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Describing and querying various forms of information such as structured data in relational databases, unstructured text (IR), semi-structured data (XML, web), deductive knowledge. Conceptual modeling and schema design. Basics of database management system services (transactions, reliability, security, optimization). Advanced topics: finding patterns in data, information mapping and integration. The course focuses on a user's perspective, rather than how one implements DBMS.
01:198:112; 01:198:205 or 14:332:312.
Please note that courses for which a student has received a grade of D cannot be used to satisfy prerequisite requirements.Semesters Offered:
Spring, summer and fallExpected Work:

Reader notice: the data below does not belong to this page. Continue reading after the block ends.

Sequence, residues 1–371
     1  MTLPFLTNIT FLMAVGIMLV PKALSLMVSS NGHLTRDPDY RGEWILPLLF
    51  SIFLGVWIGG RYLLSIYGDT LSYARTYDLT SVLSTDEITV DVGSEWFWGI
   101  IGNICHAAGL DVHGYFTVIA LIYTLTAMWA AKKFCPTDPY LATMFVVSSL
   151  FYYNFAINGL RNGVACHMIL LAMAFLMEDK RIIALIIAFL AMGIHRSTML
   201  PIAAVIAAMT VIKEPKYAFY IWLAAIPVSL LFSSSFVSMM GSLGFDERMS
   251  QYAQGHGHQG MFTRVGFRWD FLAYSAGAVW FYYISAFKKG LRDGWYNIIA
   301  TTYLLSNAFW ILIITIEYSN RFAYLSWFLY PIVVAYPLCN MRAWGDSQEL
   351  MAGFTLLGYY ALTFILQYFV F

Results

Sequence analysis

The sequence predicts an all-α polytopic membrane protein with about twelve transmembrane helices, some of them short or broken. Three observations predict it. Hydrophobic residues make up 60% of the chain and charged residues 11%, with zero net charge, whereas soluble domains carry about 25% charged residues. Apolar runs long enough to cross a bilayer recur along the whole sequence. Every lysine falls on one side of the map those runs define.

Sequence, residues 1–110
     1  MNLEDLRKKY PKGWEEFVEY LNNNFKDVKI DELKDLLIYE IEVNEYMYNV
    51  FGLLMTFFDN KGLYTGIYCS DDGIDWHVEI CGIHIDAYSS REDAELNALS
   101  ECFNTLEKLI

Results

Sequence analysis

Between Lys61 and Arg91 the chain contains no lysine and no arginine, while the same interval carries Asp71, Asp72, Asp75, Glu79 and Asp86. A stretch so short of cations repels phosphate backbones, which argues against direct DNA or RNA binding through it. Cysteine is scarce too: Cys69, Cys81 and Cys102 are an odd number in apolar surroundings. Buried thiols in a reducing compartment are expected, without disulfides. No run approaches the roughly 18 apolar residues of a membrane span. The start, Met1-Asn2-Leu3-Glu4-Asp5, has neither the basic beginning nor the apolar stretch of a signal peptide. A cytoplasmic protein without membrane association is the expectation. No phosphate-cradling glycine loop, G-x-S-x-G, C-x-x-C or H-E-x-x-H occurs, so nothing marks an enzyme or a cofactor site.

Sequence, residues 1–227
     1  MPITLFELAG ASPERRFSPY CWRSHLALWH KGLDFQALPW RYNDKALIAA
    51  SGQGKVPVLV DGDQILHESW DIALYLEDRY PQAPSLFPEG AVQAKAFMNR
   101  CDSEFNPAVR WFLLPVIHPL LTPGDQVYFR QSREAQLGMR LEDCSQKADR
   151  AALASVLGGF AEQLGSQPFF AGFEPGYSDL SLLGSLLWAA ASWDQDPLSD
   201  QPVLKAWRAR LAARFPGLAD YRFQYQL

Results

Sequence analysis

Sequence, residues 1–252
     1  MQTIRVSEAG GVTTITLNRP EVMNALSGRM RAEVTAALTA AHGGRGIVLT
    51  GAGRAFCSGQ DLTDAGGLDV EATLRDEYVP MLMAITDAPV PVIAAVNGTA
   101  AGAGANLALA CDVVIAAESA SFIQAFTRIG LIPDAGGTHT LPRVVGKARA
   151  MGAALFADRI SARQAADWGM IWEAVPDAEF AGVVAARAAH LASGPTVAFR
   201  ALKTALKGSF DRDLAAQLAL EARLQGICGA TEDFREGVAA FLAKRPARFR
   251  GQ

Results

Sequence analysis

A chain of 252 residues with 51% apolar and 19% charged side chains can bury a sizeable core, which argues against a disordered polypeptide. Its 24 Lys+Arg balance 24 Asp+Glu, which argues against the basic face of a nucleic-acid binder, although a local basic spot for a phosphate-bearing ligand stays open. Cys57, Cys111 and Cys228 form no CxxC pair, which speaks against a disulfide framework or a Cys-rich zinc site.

Homework and programming assignments; projectExams:
Midterm exam and final examDepartment Learning Goals:
How to request an SP number if this course is full:
Computer Science majors ...
- will be prepared to contribute to a rapidly changing field by acquiring a thorough grounding in the core principles and foundations of computer science (e.g., techniques of program design, creation, and testing; key aspects of computer hardware; algorithmic principles).
- will acquire a deeper understanding on (elective) topics of more specialized interest, and be able to critically review, assess, and communicate current developments in the field.
- will be prepared for the next step in their careers, for example, by having done a research project (for those headed to graduate school), a programming project (for those going into the software industry), or some sort of business plan (for those going into startups).
† - Can be taken for graduate credit.